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20 April 2006

I'm Entitled, You're Entitled, Everyone's Entitle-titled

Here's a thing. I've been watching the amazing, revealing and sometimes painful new series Black.White. on F/X. Bruno (the white guy made up as a black man) in particular throws a word around a lot that has always been a button-pusher for me. Not the `N' word (have you ever heard anything more silly?), the `E' word. Entitlement.

I hate it when people (and by people I mean moneyed people referring to un-moneyed, white people referring to non-white, naturalized people referring to non-naturalized people), go on and on about `entitlement' as if the very act of feeling you have a right to something, means that you don't deserve it. The ludicrous, the ridiculous hypocritical, pseudo-self-righteousness with which they denigrate the angry unwashed for their errant sense of entitlement, never fails to get me hot under the collar. Of course `they' whoever the `they' is under discussion feels entitled. Everybody does. Why should the poor, and non-white be any different from Middle America, Middle-Class America or Corporate America?

It doesn't matter who we are or where live, or the color our skin or the bracket in which we file our taxes. We all feel entitled, as if we have a right to expect things to turn out well for us; whether or not we put in the requisite effort to ensure success. We're Americans for goodness sake! Our entire societal psychology is built on achieving a Dream. They don't call it the 'American You Really Worked For It Didn't You?' or the 'American You Get Exactly What You've Earned And No More' The phrase is the American Dream, a term which in and of itself betrays a cultural inability to deal with reality.

I say American, but the truth is having a sense of entitlement, a feeling that we have a right to the things we need or passionately wish for, is just part of the human condition. However, if you are if you are poor or black (or really any minority, but sticking to the subject of the show), you likely have a much better sense of reality and thus, a lesser sense of entitlement, than your middle-class or white brethren. You have seen the myriad ways in which it is possible for things not to go well. Experience has taught you that just because things are bad, it doesn't mean they can't always get worse. You don't expect breaks, or rescues, or for people to just help you out. Nothing `turns up' (as in the saying `something will turn up'?), things don't `work out'. You have enough of a sense of entitlement to be pissed, but not necessarily enough to hope for better.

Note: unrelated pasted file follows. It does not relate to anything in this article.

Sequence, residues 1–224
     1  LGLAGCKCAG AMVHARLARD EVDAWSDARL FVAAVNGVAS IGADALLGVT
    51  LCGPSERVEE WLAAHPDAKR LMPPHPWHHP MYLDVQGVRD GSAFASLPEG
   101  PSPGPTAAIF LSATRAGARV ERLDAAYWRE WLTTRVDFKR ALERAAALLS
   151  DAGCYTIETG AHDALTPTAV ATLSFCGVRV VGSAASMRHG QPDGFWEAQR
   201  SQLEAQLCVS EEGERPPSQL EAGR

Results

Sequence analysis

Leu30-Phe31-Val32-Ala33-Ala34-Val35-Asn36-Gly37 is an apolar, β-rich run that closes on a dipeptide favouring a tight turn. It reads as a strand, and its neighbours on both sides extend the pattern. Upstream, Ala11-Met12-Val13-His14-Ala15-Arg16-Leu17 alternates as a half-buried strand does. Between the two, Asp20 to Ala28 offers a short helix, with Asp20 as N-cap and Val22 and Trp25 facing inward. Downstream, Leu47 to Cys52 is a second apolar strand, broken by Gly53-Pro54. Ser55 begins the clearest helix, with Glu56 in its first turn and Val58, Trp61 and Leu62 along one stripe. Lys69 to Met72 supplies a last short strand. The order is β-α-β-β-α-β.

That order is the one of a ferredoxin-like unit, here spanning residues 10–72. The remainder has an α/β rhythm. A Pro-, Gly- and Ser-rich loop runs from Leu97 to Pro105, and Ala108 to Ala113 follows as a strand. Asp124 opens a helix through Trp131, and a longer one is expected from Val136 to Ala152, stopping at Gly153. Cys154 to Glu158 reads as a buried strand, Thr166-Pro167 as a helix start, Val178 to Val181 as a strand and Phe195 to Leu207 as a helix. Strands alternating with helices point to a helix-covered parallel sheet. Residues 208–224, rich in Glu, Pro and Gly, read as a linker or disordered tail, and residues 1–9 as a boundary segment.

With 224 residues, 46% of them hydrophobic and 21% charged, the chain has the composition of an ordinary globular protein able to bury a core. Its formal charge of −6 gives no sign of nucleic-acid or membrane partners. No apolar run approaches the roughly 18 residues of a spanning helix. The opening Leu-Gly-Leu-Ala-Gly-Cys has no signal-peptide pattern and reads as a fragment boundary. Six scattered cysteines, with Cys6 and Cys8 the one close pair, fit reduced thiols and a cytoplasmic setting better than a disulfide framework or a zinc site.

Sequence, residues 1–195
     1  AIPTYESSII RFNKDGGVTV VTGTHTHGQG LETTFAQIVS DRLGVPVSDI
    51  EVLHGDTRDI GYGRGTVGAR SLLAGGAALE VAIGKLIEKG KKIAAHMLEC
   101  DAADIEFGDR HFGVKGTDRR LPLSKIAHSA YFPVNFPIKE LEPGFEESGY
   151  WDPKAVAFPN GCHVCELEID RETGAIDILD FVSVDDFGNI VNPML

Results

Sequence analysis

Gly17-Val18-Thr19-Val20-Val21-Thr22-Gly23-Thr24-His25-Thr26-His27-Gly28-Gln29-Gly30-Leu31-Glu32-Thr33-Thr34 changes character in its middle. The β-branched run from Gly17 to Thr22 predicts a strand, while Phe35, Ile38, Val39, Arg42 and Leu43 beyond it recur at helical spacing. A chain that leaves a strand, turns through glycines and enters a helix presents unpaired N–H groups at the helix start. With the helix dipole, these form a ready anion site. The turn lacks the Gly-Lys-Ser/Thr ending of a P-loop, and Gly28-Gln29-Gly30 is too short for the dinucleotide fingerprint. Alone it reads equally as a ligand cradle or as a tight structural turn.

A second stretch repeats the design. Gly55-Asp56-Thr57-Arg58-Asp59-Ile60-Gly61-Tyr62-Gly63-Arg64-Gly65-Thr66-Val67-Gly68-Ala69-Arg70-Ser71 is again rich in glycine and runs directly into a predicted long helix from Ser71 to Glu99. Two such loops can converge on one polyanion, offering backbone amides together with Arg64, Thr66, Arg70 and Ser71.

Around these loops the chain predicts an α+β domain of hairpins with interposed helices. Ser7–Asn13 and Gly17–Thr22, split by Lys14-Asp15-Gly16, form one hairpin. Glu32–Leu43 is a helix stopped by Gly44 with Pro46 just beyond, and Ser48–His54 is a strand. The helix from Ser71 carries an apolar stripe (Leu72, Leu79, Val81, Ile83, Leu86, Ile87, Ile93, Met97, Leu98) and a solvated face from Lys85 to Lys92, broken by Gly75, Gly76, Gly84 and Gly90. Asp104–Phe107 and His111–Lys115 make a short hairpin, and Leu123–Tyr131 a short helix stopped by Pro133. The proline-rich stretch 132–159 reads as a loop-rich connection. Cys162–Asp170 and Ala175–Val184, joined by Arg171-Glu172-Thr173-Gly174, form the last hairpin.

On the other hand, entitlement among the moneyed and white is alive and well. I grew up in a very white town. And I came up old school. While other black suburbanites were attempting to insulate their kids from the realities of racism and just the general unfairnesses of life by pretending they didn't exist. Telling them things like, `You're just as good as anyone, in fact better, you can do anything you want.' Which incidentally is what most of my white classmate were being told by their parents. My parents drummed a different message into my head. `Being black in America means you have to work twice as hard as the white person next to you in order to get just as far. Yet another of those axioms I don't really believe, but have found to be true. Another is that taking Vitamin C helps keep you healthy.

I can't count the number of times I've been on a job or whatever and have watched my fellow workmates get away with murder. It's not so much that they didn't get caught taking the extra breaks, taking long personal calls, taking home the office supplies, barely getting their work done or not getting it done at all; it's the attitude with which they perform, or don't. The sense that they have a right to cheat the boss or behave incompetently and not get their butts fired. And if, by some (amazing) stretch they do get fired, guess who's fault it isn't, as far as they are concerned? As if somehow they had done their employer a favor by condescending to show up; whether or not they actually did their jobs was irrelevant.

Now I admit to having a kind of old school Southern girl work ethic. So I get that my take on workplace deportment is in the minority. But what I'm getting at is that no one really feels that they should be condemned to living with the consequences of their actual actions.

We do, on the other hand, feel that other people should face the music. You know if 'they can't take the heat, they should get out of the kitchen'; 'if they can't do the time, they shouldn't do the crime. For ourselves we expect -- feel . . . a-heh . . . entitled to a little mercy. 'Yes, my son knows he shouldn't have groped that woman on the subway, but calling the police? Isn't that just a little extreme? After all, boys will be boys.' 'Well, sure, I padded my expense account just a little, everyone does it. Should that cost me my job?' Or 'Why are you pulling me over? At least two other cars were going faster than I was.'

We all have our thing, a little thing, a big thing; some behavior for which we would really, really prefer the chickens not come home to roost. After all, we feel we are good people and if nothing else, entitled to having our lives go on undisturbed by excessive consequences. So why don't we all just ease up on deciding what godless excesses to which other people should feel entitled?

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